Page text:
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The Crashing Asthmatic Patient

The Crashing Asthmatic Patient is perhaps one of the most frightening of patients to treat. I’m not talking about the patient that has wheeze and gets five or six nebs and gets better in an hour. I’m talking about the sweaty, drowsy, tiring, non-responsive patient that you know has a good chance of dying. Here…

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Treating Patients on Stimulants

Here is a case, you are probably all familiar with: The police arrive with a patient that was “out of control”. He is known to take illicit substances. He went home earlier today, where he lives with his mother and ‘punched her in the face’, before running off. Police were called and he was later found naked,…

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Hyponatremia is a common electrolyte abnormality. It can be acute or chronic. It can occur in isolation or as part of other disease processes.  Diagnosing its cause can be challenging in the Emergency Department and there may be some confusion over how to initially manage these patients. Let’s clear up that confusion, with a simple…

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Status Epilepticus

Convulsive Status Epilepticus accounts for up to 75% of all status epilepticus(1). We recognise it in patients where they have a depressed conscious state accompanied by tonic clonic movements of the extremities. The length of status epilepticus is important in terms of patient survival. About 5% of adults and up to 25% of children with epilepsy…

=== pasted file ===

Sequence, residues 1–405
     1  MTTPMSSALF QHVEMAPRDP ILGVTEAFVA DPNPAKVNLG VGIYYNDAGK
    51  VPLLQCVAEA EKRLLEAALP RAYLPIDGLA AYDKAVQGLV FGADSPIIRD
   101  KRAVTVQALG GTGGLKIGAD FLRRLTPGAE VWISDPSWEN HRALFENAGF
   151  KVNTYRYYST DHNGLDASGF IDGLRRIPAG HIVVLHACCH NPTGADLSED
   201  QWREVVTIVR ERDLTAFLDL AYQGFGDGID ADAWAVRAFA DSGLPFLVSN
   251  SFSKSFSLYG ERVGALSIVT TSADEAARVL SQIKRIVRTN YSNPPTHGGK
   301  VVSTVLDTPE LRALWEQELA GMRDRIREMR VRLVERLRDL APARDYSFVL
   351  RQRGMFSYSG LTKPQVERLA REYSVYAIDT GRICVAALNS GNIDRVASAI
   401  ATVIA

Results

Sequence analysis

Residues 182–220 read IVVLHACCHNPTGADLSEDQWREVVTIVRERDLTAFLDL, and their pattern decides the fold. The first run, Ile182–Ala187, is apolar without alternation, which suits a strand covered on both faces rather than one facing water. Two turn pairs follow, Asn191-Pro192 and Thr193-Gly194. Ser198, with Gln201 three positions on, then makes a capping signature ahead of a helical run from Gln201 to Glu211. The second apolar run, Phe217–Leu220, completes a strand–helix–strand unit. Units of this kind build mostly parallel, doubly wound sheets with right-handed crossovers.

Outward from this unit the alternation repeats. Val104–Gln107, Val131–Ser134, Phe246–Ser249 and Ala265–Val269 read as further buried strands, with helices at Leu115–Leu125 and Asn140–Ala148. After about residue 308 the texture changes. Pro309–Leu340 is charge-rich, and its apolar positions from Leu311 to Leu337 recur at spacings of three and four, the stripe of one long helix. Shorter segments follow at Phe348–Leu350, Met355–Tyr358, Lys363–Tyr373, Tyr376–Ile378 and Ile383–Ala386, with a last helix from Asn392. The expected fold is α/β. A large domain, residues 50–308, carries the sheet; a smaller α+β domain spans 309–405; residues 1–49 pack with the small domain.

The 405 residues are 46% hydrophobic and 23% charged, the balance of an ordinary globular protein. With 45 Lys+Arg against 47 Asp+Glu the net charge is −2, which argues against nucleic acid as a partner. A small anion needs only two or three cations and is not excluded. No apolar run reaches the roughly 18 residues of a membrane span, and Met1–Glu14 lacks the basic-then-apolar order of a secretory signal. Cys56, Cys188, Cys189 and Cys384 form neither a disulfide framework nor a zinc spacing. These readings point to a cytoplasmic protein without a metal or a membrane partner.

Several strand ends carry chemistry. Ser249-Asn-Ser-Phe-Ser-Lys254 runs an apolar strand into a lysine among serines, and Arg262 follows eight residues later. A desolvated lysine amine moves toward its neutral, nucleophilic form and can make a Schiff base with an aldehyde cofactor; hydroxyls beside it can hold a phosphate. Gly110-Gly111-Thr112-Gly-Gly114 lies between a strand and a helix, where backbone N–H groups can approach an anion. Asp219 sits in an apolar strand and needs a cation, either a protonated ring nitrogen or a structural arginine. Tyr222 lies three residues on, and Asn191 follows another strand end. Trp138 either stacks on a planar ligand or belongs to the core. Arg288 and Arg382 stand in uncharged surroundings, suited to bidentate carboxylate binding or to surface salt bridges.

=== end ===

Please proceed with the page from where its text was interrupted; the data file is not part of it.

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Lactation Ketoacidosis

I go on about how important it is to be able to interpret blood gases, with our junior doctors and Fellowship Candidates. It can really change your diagnostic capabilities in the emergency department. Here is an interesting case, where gases solve the problem. A 30 yo woman is transferred to your emergency department. She has…

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Fluid Resuscitation in Pancreatitis

It is the festive season and with it, comes the patient that has more than their usual few drinks. They present to the emergency department soon after, with abdominal pain and nausea and when their lipase comes back; a diagnosis of pancreatitis. This disease carries an overall risk of mortality of 2%, but it may…

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Non-Invasive Ventilation

Introduction If find myself reaching more and more for the non-invasive ventilation, in the COPD patient. I’ve always loved it for acute pulmonary oedema. However, there is something about assisting the patient’s work of breathing, that allows me to ‘titrate’ what I give. A Case The ambulance bring a patient in on a rebreather. She…

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The Shock Index to predict hypotension

The Shock Index. Do you use it? Do you know what it is? The Shock Index was originally used to predict shock in medical patients in the Emergency Department. It has also been evaluated for use in trauma and myocardial infarction. Although it’s been around for over 50 years it’s doesn’t appear to be widely used…

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Continuous vs Interrupted CPR for Survival

A new paper by the Resuscitation Outcomes Consortium (ROC) was published in the NEJM(November 9th 2015). Nichol et al looked at Trial of Continuous or Interrupted Chest Compressions during CPR and their effect on survival. This was a prospective randomised crossover trial of  26148 patients in the pre-hospital environment. In the test group, CPR was performed…

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